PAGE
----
There’s this little inner voice in my head, lets call her Miss Fifi, yeah that sounds about right I think.
Miss Fifi is independent, can’t be held down and is sure of her personal convictions. One of her favourite main beliefs is that I, Selma, am stupid. This belief of hers is especially true whenever I’m busy with work or a project I need to submit and whenever I’m having a conversation with someone, Miss Fifi is damn near screaming in the back of my head that whatever is coming out of my mouth is daft.
Miss Fifi is an old school gal who has been around since I’ve been able to comprehend my thoughts and the older I get the more I have been more hyper aware of her presence. Miss Fifi, like a lot of old school elders doesn’t have a filter nor does she particularly care for my feelings, she says what she says and I’m left having to pick up the pieces reminding myself that she isn’t right, well not all the time.
I’m trying to figure out whether having her in my life is beneficial or not. In one way I can see how she can be toxic because the more I allow her space to speak in my head the more she can potentially chip away at my confidence, its a fine line between perception and belief.
On the other hand however I kind of see why she is necessary. See at the end of the day no matter what Miss Fifi says, I still wield the power to control how I perceive and react to her criticism. There have been many times where Miss Fifi’s criticism has actually pushed me to perform well beyond what I thought I was capable of. It’s kind of like I’m internally and externally competing with myself and trying to prove myself and Miss Fifi wrong. She has also made me hyper aware of everything I do and say which is both a good and bad thing.
So what’s the art of feeling stupid? I think it’s being comfortable in yourself and humble enough to know that you don’t know it all, that you will have stupid moments and ideas but to be unafraid to express them is where the true art lies. To lower one’s ego and use those feelings of stupidity to open up and grow. Now I’m not saying this feels good, no one likes feeling stupid or being that one in the group or meeting asking stupid questions, yes, people will laugh at you sometimes and yes there will be that person who will outright call you stupid but guess what you were unafraid and open in a world of people who mask themselves.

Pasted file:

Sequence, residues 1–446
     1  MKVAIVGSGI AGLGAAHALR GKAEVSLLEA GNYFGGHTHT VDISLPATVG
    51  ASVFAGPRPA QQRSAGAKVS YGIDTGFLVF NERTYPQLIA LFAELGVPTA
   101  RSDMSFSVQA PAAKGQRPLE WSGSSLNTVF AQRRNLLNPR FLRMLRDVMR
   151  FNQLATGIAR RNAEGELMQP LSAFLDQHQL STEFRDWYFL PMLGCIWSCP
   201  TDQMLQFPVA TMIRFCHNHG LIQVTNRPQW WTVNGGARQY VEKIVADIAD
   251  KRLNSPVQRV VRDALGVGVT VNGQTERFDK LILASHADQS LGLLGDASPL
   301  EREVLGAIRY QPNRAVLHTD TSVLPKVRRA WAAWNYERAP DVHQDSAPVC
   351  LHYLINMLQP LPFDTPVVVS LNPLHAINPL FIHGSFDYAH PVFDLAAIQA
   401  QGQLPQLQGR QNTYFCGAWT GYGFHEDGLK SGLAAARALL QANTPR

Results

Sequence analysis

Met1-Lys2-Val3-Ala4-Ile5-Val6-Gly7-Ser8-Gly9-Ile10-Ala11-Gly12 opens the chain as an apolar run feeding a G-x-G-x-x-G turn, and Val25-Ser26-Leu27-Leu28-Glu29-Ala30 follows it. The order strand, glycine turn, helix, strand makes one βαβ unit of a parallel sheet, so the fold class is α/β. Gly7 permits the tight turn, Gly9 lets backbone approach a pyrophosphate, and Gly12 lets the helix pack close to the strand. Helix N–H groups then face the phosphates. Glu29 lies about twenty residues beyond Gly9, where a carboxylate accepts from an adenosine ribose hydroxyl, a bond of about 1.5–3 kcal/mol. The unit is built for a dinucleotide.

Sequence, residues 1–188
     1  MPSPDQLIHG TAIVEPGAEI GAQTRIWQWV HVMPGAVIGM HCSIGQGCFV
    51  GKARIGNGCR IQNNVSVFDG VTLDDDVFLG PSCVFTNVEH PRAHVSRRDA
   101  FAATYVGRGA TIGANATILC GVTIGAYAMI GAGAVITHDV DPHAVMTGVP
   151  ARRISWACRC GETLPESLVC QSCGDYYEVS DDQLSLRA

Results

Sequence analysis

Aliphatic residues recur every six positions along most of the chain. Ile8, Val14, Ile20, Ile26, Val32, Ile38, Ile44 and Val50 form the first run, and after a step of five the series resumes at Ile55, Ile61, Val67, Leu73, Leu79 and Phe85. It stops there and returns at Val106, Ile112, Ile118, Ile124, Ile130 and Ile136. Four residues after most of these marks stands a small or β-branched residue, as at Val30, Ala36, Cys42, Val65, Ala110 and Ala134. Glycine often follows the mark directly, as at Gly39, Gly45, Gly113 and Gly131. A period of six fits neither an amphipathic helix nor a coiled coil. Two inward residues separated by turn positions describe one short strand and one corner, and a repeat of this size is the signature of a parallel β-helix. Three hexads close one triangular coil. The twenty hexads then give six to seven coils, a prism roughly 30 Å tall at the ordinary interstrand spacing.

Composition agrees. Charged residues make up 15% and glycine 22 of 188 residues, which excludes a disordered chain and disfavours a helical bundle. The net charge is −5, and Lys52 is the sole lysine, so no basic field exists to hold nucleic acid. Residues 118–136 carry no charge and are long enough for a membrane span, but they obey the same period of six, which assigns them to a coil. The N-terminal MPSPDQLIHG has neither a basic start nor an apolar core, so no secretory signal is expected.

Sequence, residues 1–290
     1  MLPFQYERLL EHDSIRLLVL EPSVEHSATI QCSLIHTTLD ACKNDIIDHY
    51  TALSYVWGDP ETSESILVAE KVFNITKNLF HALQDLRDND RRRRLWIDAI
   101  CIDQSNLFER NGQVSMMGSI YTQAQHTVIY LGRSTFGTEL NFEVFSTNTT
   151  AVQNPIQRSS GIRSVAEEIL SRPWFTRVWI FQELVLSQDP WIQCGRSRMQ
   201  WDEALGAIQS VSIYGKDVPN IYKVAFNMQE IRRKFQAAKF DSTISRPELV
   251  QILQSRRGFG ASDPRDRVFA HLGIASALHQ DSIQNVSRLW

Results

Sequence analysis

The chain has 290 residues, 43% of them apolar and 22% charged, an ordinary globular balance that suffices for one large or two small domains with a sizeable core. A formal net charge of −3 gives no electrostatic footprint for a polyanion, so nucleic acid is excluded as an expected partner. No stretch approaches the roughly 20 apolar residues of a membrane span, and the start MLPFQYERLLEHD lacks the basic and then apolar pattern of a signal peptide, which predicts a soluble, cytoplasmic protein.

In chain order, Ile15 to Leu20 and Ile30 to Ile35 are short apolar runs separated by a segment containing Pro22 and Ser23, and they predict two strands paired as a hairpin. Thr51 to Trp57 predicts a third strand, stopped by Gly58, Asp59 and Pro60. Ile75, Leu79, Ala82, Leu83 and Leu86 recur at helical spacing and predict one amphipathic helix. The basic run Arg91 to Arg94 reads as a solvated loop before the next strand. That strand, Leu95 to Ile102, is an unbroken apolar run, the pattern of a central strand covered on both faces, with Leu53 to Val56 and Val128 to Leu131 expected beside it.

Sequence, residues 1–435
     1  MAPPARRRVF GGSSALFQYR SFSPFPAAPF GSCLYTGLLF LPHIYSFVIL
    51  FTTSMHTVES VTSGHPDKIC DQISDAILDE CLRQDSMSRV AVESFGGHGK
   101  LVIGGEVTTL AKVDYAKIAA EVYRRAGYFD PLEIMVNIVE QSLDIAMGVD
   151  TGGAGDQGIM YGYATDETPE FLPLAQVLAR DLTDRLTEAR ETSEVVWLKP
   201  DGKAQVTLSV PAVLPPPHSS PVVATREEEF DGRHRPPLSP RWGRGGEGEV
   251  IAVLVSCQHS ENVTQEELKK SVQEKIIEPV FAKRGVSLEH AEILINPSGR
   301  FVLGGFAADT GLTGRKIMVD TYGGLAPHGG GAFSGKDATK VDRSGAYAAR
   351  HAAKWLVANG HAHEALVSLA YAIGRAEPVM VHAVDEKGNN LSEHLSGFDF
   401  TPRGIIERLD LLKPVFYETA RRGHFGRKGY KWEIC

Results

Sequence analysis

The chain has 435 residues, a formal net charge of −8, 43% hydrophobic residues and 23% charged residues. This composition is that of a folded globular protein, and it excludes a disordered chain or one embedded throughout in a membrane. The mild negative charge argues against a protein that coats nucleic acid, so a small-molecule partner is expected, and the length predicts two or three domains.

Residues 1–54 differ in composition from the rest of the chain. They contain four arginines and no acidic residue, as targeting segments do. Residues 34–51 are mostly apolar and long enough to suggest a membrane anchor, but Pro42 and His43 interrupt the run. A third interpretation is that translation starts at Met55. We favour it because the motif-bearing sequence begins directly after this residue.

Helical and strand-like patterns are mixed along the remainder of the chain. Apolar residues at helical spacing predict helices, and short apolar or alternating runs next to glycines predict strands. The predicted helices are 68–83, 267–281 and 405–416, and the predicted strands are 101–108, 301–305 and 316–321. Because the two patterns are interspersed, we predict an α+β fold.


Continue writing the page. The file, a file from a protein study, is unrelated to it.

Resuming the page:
Plus its not really like you’re stupid you’re just at place where you don’t have specific knowledge on something but opening up about that will allow someone who does have it to guide and correct you.
Its also important to know the difference between positive and negative criticism especially when comes to your own inner critic or Miss Fifi. Miss Fifi doesn’t know that what she is saying is wrong, she can’t percieve that, all she can do is just give you feedback on what she thinks is true. For example if I have a crazy maths equation infront of me that I have to solve when I intially see it, Miss Fifi’s initial response is to tell me I’m stupid and that I can’t do it because she can’t percieve my determination, all she sees is something hard and to her knowledge I don’t have the skills yet to do it right. She doesn’t factor in that I can be determined enough to research the question and with that manage to solve it. I think there’s probably some science behind that too.
Stupidity is human nature but it’s not something that can’t be overcome. I know that Miss Fifi will probably be with me for the rest of my life, I just have to get to a place where I’m more comfortable with that, setting more healthy boundaries. I think if I didn’t have a Miss Fifi I would probably be a narcissistic butt-hole who thinks they are always right and smart. No one likes that person, don’t be that person! I also think it’s not that your inner critic fully thinks you can’t do something it’s just afraid of going through the feelings of possible failure.
So let’s wield our stupidity and use it in a way that makes us more open to growth and advice from others. Let’s be sure to set boundaries with our inner critics but also allow them a space to show us when we are wrong and when we can be better.
Till next time.
Never forget to carpe all the diems.
The pictures included in this post are from Lucy Bellwood’s “100 Demon dialogues” comic book.